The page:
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Seeds Treaty must guarantee peasants’ & Indigenous Peoples' right to seeds

The International Seeds Treaty formally recognizes peasants’ and Indigenous Peoples’ rights over seeds. Governments must ensure that intellectual property and plant variety laws do not infringe on those rights. They must also prevent digital sequencing of plant genetics from leading to seed grabbing and biopiracy.

Governments attending a meeting of the Treaty’s Governing Body in New Delhi from 19 to 24 September are expected to make decisions that will have profound implications for the rights of peasant and Indigenous communities to freely grow and save their seeds. The relationship between farmers’ rights and intellectual property rights will be discussed along with the contentious issue of Digital Sequence Information (DSI). In a background paper published today, FIAN International calls on states to fully protect the rights of farmers, peasants and Indigenous people.

“If the seed industry lobby is successful, then the Governing Body may choose to legitimize the limitation of farmers’ rights through intellectual property regimes such as patents or plant variety protections laws based on UPOV, which promote and protect commercial seeds to the detriment of other seeds,” says the paper’s author Philip Seufert.

“This would have major implications for peasants and Indigenous Peoples around the world, paving the way for more seed grabbing and more criminalization of peasants and Indigenous Peoples for their centuries-old seed management practices.”

The question of seeds has never been more important, given the centrality of seeds to guaranteeing the right to food and food sovereignty in the face of the climate crisis. Transnational agribusiness corporations are making a huge push to consolidate complete control over the international seed market. They’ve continued to lobby for seed laws that criminalise communities’ seed saving practices and to expand the reach of the industrial food chain by controlling seeds.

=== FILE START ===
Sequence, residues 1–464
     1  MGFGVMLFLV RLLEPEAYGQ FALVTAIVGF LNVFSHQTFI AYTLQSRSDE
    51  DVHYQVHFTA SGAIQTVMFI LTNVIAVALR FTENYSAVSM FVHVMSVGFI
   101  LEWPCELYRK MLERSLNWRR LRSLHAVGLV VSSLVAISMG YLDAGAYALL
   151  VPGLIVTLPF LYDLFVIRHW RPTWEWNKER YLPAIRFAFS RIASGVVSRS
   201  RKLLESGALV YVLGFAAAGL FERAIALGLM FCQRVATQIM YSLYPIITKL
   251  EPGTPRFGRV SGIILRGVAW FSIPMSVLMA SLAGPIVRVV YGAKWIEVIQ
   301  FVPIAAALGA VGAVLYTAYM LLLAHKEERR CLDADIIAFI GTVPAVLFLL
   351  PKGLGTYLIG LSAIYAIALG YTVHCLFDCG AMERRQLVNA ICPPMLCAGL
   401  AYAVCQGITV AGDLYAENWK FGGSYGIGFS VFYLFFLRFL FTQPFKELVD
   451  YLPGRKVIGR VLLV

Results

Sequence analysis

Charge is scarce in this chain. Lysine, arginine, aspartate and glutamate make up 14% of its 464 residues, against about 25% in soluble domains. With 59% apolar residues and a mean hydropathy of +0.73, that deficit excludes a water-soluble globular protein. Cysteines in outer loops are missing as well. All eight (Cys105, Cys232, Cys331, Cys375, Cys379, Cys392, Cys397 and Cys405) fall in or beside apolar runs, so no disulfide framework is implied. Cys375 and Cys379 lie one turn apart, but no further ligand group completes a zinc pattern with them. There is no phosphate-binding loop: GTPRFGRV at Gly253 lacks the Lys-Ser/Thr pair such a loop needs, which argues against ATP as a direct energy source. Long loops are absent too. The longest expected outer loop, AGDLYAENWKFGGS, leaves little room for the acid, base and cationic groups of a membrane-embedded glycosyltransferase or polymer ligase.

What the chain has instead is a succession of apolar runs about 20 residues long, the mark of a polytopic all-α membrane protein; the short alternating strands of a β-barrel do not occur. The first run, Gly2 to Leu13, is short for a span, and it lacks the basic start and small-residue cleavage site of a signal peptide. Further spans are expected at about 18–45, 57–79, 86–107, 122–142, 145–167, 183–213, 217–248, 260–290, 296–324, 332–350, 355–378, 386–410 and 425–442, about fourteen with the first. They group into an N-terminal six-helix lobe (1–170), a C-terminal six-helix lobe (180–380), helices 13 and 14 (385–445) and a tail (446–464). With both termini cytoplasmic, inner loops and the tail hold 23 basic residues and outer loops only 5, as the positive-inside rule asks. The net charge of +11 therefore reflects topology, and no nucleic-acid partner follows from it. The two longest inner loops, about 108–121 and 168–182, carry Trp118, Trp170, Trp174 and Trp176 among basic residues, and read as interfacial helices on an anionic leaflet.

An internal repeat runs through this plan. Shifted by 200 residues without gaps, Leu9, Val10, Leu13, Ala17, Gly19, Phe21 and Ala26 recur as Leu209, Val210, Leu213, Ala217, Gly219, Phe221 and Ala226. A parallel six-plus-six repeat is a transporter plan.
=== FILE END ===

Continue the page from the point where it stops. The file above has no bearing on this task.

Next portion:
Just four agrochemical companies – Bayer-Monsanto, DowDuPont/Corteva, ChemChina-Syngenta and BASF – control more than half of the global seed market. Intellectual property regimes have massively contributed to cementing their dominance in our food systems.

DSI, the sequencing of genetic information and its storage in digital format, is a major threat to peasants’ and Indigenous Peoples’ rights over seeds. It opens the door for a new wave of seed grabbing and biopiracy. If all the world’s seeds are sequenced and that data is made available, then the seed industry can access them and patent sequences that encode desirable traits, such as drought resistance, and use them for new plants developed with biotechnology.

If this technology is not regulated, existing safeguards to protect peasants’ and Indigenous Peoples’ rights over their seeds could be circumvented, and they could be forced to pay royalties for any seed they use which contains a patented sequence or expresses its function.

Governments have been discussing this issue for several years without coming to agreement. But in June 2022, the treaty Governing Body announced a worrying new partnership with DivSeek, an organization that promotes the use of digital sequences.

“Governments will have to decide if they are serious about farmers’ rights, or if they accept the Seed Treaty becoming an instrument for the expansion of corporate control over seeds,” adds Philip Seufert.

FIAN International calls on the Governing Body to take decisions that respect, protect and guarantee the rights of peasants and Indigenous Peoples, notably that it:  

  • Recognizes that peasants and Indigenous Peoples realize their rights over seeds (farmers’ rights) primarily through their own, distinct seed systems and that these need to be protected through specific national legal frameworks.
  • Clarifies that peasants’ and Indigenous Peoples’ rights over seeds are human rights and reject any decision implying (explicitly or implicitly) that farmers’ rights are subject to intellectual property rights, including UPOV.
  • Prevents the Treaty becoming an instrument for the pirating of seeds by the industry using DSI.
  • Clearly states that DSI is not separate from the material resources/seeds from which they stem and therefore need to be treated like genetic resources. Such a decision would require the industry and researchers to comply with the rules to access seeds under the Treaty’s multilateral system, including the respect of farmers’ rights.
  • Modifies the standard material transfer agreement (SMTA) to access seeds under the Treaty’s multilateral system so that the seed industry cannot patent genetic sequences that is has accessed through that system.
  • Revokes the ITPGRFA’s partnership with DivSeek.
  • Recommends the prohibition of patents on genetic sequences to be put in place by governments.

For more information contact Philip Seufert:

Read the background paper Farmers' Rights or Corporate Control over Seeds


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